Problems SMEs face in Bangladesh | The Daily Star
12:00 AM, July 08, 2019 / LAST MODIFIED: 02:07 AM, July 08, 2019

Problems SMEs face in Bangladesh

Small and medium enterprises (SMEs) are the backbone of the Bangladesh economy: they make up more than 90 percent of all businesses that provide two out of three private sector jobs in the country.

So, it is very important to help the sector grow for the sake of the country’s economic success and sustainability.

Yet, SMEs face various challenges from marketing of products to access to finance, lack of capital and skilled manpower, poor training facility, undeveloped sales channels and low level of financial inclusion, which, according to a quick survey conducted by The Daily Star, are some of the reasons that hamper the growth of SMEs.

Fifty SMEs, who took part in a fair in Dhaka recently, responded to the survey.

Most of the respondents urged for a common marketing platform for micro and SMEs along with easy access to funds.

A sales centre system can be formed all over the country to display the products of SMEs to the consumers, said Jahida Parvin, proprietors of Nakshi Hastashilpa (handicrafts).

“It will cut our marketing costs,” she said.

Many clients want to buy their indigenous products round the year but they do not have any showroom for displaying their products, said Rejaul Islam, another SME entrepreneur.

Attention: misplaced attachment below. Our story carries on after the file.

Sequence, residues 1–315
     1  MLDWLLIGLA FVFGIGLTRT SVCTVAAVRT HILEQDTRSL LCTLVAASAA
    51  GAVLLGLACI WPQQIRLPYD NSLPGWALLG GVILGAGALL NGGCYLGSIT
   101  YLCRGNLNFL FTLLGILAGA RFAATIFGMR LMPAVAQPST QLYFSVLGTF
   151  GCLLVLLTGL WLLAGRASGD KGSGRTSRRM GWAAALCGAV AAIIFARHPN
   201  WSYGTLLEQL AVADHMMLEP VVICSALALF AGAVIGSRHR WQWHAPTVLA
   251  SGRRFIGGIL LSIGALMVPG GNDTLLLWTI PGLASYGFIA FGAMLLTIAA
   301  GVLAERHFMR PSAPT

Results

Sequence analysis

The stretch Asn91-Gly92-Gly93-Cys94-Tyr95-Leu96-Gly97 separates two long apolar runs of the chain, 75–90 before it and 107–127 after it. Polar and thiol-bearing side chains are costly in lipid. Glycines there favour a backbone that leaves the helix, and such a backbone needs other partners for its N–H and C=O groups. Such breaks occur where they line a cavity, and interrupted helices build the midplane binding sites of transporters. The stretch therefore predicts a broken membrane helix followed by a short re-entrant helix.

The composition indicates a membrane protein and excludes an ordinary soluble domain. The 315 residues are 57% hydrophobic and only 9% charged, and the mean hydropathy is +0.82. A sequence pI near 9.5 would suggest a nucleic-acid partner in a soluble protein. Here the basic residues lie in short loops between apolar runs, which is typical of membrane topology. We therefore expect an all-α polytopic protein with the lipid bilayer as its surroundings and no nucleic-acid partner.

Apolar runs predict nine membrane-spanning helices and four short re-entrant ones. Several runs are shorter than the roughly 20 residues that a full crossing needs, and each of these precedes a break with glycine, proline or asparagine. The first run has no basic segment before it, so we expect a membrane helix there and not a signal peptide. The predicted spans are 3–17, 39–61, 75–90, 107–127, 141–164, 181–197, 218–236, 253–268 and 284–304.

“Facebook or e-shopping could be a solution but some bad e-product sellers have spoiled the faith of customers by giving low-quality products through e-shopping,” he added.

The government can take up a project where all the SMEs will get a chance to showcase their products at a lower marketing cost, said Mukul Khan, another entrepreneur.

There is a government project of this nature -- Joyeeta -- but it is for women entrepreneurs only.

Lending to SMEs has increased to 19 percent of total loan portfolio in March this year from 15 percent a decade ago, but it is still inadequate, said Ahmed Rashid Joy, general manager and head of SME at IDLC Finance.

“We have to take the SME loan portfolio to 40 percent if we want to become a developed nation.”

But extending more loans to SME is not easy as small entrepreneurs have severe documentation and accounting problems, he said. If new banks are allowed, these should be fully SME banks, he added.

A sub-contracting system among the big companies can be a solution to the SMEs’ marketing problem, said Ahsan H Mansur, executive director of PRI.

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